A new crane has already arrived

Yesterday, again, I ventured back across the river to see whatever I could see in the vicinity of that helicopter crash.

I couldn’t get near to where the worst of the drama unfolded on Wednesday, and I couldn’t yesterday, which is not a circumstance I would dream of complaining about. But today, as on Wednesday, I was able to gaze upwards again at that stricken crane, this time from the other side:

If you compare that picture with my earlier picture (immediately below), you will see that nothing up there has yet changed.

Other than the weather. Yesterday, and today, very grim and snowy. Also, I took the above picture just before it got seriously dark. The pictures below having been taken somewhat earlier. I did quite a bit of wandering around before I got that shot of the crane, but was very pleased when I finally got it.

On the ground, it is an entirely different story.

A whole new crane has arrived:

You can just see the edge of the tower there, above the road sign.

And that’s not the half of it:

Altogether, about a dozen different articulated lorries had arrived, presumably earlier yesterday, and parked themselves in the roads at the other end of the new bus terminal from Vauxhall railway station. When I got there, there were still drivers in the cabs of several of these lorries. In total there were about a dozen lorries. These cranes are big. I’m guessing the economic situation means there were plenty of spare cranes to choose from.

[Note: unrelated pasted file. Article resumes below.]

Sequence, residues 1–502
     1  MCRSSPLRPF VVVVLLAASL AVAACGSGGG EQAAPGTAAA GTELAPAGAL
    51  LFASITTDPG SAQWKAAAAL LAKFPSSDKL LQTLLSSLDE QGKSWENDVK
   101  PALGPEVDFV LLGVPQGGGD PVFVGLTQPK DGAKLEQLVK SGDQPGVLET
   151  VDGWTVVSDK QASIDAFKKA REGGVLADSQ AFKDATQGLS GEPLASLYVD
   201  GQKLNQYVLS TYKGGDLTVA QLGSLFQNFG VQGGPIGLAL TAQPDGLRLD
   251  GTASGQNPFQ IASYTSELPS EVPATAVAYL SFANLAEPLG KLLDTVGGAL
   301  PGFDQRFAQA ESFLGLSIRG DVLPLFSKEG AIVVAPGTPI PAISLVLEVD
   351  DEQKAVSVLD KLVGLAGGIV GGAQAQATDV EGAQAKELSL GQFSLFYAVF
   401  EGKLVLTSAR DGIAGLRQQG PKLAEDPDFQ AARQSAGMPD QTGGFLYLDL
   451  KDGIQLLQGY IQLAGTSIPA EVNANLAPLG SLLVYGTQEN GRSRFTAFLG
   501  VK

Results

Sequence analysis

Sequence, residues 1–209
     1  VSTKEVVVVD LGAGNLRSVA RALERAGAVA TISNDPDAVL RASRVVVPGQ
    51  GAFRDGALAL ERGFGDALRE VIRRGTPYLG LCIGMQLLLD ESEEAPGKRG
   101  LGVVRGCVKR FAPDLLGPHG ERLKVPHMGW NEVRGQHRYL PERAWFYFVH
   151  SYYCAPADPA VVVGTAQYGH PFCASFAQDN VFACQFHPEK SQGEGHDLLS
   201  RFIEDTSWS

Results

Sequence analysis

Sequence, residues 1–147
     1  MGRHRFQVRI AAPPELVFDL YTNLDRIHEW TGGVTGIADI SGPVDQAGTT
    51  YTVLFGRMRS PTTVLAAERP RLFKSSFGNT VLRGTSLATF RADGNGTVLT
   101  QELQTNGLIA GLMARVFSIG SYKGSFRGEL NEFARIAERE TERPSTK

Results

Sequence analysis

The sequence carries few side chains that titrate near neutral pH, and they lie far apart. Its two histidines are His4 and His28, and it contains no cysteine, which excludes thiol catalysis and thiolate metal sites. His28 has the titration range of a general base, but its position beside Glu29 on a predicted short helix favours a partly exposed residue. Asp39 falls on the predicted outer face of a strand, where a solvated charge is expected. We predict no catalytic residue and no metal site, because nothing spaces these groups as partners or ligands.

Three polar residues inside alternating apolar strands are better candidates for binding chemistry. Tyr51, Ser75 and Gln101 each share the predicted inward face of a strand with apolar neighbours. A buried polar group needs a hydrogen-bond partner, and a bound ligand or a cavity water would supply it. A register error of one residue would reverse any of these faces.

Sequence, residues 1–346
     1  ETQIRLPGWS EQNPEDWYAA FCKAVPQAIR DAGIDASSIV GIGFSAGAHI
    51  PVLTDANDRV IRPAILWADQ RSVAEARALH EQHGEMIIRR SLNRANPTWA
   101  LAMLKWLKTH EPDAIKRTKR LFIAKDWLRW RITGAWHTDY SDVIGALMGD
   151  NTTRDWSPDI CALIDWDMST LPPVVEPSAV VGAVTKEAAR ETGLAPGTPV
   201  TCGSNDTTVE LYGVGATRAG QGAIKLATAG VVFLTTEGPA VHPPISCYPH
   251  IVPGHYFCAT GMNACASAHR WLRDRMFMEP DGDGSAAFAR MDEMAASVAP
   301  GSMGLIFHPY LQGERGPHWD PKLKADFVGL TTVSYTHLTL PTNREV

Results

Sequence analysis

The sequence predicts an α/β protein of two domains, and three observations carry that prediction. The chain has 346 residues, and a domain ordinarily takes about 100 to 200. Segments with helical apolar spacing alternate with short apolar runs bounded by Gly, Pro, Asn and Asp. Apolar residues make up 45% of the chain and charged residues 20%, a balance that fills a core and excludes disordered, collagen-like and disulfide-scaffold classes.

And I further guess that these things have something to do with this crane:

I assume that this new crane is about to be erected alongside the old and broken crane, to dismantle the broken crane, and then to finish the job of building the tower. How exactly will that look, I wonder?

Things are moving a lot faster than I guessed, to get the tower-building going again.

The tidying up from the crash seems to be taking place a bit further along the road, crucially not right next to the tower, and that process is happening simultaneously with getting the new crane in. The two jobs don’t clash. On the contrary they go together. Then, when the old crane is gone, and when the crash is cleaned up, the road will open again.

Is the plan to open the road again,after a weekend of feverish activity, on Monday morning? Definitely asap, it would seem.

Originally posted at Brian Micklethwait’s Old Blog

One thought on “A new crane has already arrived”

  1. Comments first posted at the old blog:


    Time is money with respect to building the tower. A skilled workforce is being paid in many cases high wages to build the tower, and you want them back to work as quickly as possible. Also, in this case, time is safety. The worst case scenarios of something going wrong with respect to a structurally unsound crane are bad ones, so you want to get it down quickly.

    That’s without even thinking about the issues that come from having a major road closed.

    Posted by Michael Jennings on 19 January 2013


    I would imagine they’d have to try to get the concrete counter-weights and that dangling bit of the crane down in concert; one block per one section of the dangling crane. Remove one without the other and the thing becomes very dangerously unbalanced.

    Posted by mike on 19 January 2013

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